Who Am I Really?

Lying in bed last night, about to drift off to sleep, my mind was flooded with fearful thoughts of my boyfriend coming home in a few months. You may at first assume you misread that first sentence, but no, I was afraid for him to come home. Even though I love and miss him tremendously. Still I was feeling terrified by the way things may change once he’s nearby again. I was afraid of how my routine would change. How much time will he be expecting us to spend together? Will I have to drive up to the city multiple times a week to see him? How often will he be staying with me? All of these unknowns prevent me from my normal mental and emotional preparations for change. I simply don’t know how my life is going to be from day to day in 2022.

Oddly enough, just eight hours later after waking up, having some coffee, and starting my workout, the thought of him not only being close by again, but even living with me, seemed like a dream come true. I couldn’t wait to share as much of my time with him as possible. I fantasized about being the very best version of myself with him by my side to motivate and inspire me. Everything I’ve been aspiring to do/be seemed more likely to happen once he is back home. The same changes that sparked fear last night, were now the very thoughts spurring me onward, giving me hope and energy.

This is not an uncommon occurrence for me. There are many times I find myself overwhelmed with a thought at night, that brings me joy the next morning. The question that always arises is, “Which one of these people is really me?” Who should I believe? The evening me or the morning me? How can one person shift so totally in the span of a day? And shift so predictably and consistently at that? It seems like everything becomes scary and negative in the evening hours, but in the morning the whole world appears brand new and enchanting. It makes me wonder if this is normal. Do other people feel this way? Is this what people mean when they say “morning person”?

In my mind, I’ve come to the conclusion that this drastic inner change is caused by my brain’s neurochemicals dwindling as the night sets in. So I’m inclined to believe that the morning version of me is more true to who I am. The evening me is depleted and out of sorts, unable to view the world accurately. However maybe it’s my morning self that is deluded. Perhaps my refreshed brain is offering me a rose colored perspective that is just as inaccurate. Should I be distrustful of both? Should I deem the middle ground between these two states the most reliable and realistic?

This confusion and uncertainty about which thoughts are “me” and which thoughts are “not me” has always been of great interest to me. Never being able to decide, I gravitate towards the Yogic perspective. None of these thoughts are actually “me.” I am not my thoughts. I am the one who watches these thoughts. I am the one who wonders which of them are me. After all, that watcher within is the one consistent aspect of my mind, the one that is ever-present and unchanging.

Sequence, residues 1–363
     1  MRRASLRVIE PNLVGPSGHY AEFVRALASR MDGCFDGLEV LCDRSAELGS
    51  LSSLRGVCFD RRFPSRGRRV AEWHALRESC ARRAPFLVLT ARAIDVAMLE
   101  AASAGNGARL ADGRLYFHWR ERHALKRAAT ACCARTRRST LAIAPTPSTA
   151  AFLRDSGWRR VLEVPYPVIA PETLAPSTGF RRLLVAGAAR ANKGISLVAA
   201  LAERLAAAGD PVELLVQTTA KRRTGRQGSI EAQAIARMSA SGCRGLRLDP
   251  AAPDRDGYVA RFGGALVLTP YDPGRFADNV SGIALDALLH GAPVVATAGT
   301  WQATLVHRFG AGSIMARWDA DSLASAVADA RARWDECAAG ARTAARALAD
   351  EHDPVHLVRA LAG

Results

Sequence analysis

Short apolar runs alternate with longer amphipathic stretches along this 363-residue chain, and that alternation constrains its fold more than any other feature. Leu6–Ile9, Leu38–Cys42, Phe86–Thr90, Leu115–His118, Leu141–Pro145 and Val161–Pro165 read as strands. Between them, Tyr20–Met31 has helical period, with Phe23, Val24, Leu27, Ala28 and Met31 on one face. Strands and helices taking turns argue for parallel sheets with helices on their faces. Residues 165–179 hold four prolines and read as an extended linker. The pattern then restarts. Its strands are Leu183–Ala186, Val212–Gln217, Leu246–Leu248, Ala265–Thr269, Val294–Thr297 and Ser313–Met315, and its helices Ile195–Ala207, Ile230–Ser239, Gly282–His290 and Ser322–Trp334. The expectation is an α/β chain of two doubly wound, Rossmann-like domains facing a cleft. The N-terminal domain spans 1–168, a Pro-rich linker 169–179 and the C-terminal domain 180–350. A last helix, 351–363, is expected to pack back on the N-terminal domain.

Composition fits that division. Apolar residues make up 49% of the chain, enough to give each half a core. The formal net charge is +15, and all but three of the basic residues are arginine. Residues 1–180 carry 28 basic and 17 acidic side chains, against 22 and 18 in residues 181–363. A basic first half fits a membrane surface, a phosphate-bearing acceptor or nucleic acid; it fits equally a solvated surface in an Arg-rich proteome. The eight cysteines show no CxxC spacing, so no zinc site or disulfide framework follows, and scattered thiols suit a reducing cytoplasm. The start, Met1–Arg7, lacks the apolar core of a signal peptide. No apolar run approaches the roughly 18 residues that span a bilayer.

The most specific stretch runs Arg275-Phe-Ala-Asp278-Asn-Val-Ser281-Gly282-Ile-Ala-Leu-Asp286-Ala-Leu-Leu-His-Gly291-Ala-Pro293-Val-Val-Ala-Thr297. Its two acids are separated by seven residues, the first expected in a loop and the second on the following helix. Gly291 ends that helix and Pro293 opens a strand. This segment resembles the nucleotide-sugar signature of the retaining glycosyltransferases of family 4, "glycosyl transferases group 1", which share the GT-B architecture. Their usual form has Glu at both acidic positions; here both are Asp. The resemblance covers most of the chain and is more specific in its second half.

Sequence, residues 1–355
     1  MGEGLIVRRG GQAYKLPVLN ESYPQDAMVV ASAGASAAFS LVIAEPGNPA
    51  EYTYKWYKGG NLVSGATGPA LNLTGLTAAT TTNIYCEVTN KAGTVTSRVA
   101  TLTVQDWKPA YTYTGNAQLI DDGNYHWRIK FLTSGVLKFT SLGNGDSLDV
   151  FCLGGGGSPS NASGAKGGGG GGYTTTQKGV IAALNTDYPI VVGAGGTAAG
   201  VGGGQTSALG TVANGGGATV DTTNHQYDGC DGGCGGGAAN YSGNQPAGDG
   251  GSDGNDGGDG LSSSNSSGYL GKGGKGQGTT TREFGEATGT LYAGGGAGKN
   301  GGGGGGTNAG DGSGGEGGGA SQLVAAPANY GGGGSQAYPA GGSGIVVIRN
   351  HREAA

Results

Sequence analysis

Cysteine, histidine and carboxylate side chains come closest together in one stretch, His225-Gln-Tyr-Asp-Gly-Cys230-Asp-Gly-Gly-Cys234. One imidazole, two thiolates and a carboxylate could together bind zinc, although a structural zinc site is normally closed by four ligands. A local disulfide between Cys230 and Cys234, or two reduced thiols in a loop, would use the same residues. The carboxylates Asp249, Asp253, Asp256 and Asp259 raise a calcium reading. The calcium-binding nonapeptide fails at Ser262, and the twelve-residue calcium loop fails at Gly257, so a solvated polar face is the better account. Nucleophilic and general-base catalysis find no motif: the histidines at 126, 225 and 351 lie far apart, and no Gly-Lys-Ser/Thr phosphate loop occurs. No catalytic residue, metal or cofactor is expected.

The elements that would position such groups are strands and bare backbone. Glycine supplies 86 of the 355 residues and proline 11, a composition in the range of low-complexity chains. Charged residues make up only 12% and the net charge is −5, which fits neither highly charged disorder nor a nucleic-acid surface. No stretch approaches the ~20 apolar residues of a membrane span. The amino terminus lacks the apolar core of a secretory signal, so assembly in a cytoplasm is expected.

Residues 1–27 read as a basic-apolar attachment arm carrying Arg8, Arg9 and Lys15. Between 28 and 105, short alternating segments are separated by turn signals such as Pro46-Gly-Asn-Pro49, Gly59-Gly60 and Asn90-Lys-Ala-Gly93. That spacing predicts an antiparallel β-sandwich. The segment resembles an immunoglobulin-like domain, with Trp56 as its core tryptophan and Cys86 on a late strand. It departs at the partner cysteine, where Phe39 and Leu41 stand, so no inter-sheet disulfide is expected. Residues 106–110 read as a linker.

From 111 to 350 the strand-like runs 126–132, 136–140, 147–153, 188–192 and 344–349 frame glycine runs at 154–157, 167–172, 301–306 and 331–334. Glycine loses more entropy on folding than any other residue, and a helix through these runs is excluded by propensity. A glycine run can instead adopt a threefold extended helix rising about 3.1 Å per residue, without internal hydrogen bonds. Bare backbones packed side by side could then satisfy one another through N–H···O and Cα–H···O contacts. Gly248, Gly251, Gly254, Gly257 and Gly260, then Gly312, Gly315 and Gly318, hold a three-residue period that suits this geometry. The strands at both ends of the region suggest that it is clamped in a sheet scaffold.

Now the question becomes, how can I learn to identify with the watcher, rather than the fluctuating thoughts constantly demanding my attention? How can I keep myself from getting caught in the undertow of emotion that they cause? I suppose that this is the purpose of meditation. To practice being the watcher. To train ourselves not to get swept away. To ground ourselves in the impermanent and illusory nature of existence. To cultivate trust in the fact that it is okay to allow these thoughts to pass through us without letting them force us into action.

Contemplating the different layers within has, at the very least, allowed me to let go of the urgency I feel to respond to the thoughts I have. Lyrics from one of my favorite bands explains it best: “Nothing is ever as pressing as the one who’s pressing would like you to believe.” So when I find myself franticly playing out different scenarios in my head and wondering how on Earth I’ll be able to cope with them, I remind myself of those words. I assure myself that I don’t have to make any decisions or take any action right now. I can acknowledge that sense of urgency without feeling pressured by it. I remind myself that no matter how serious a situation may seem right now, with time my perspective will surely change. It’s okay to just wait, to observe, to sit with those feelings for now. Because I know that tomorrow I will awake to a new world, a new me. And maybe she will be able to handle it. She always has.

Silver Leaf Petal Kids Mirror | Pottery Barn Kids

Writing

I love to write. I love seeing my handwriting slowly consuming a blank page. I love notebooks and pens. I love typing even more perhaps. The sound of rapid clicks on a keyboard, the feeling on my fingertips as I am pressing the keys, is so soothing. I’ve loved writing for as long as I can remember. I have diaries from the time I first learned how to form letters on paper. The massive amount of misspelled words stand as a humorous testament to how young I was at the time. There is just something so beautiful and therapeutic about organizing thoughts and feelings in order to release them into the physical world. Even if what is written was never intended to be read, there is still a sense of connection that is inherently part of language.

Even though I love it and I’ve done it nearly all of my life, writing has become more and more challenging as the years go by. I often get the urge to write something, anything. But when I sit down to begin, I am always gripped by panic and fear. Part of me is feeling that right now. It is a fear that makes me feel like running. An urge to escape, to look away. A fear that reminds me of being a little girl, holding the covers over my head at night, feeling that as long as I don’t look at the dark expanse of my bedroom that I will be safe from any monsters that might be lurking there.

It is terrifying to look this fear in the face, to study it long enough to even recognize what it is I am afraid of. When I really force myself, I can see that I am afraid of introspection. In order to create anything, first we must look within. When I’m drawing it is easier. There is no threat among the shapes and lines inside my head. Just images, with no emotions underneath. Writing is different. So much so that I’ve grown to dislike the phrase “a picture’s worth a thousand words.” A thousand words could reflect much more than a picture ever could. Some things can only exist within language.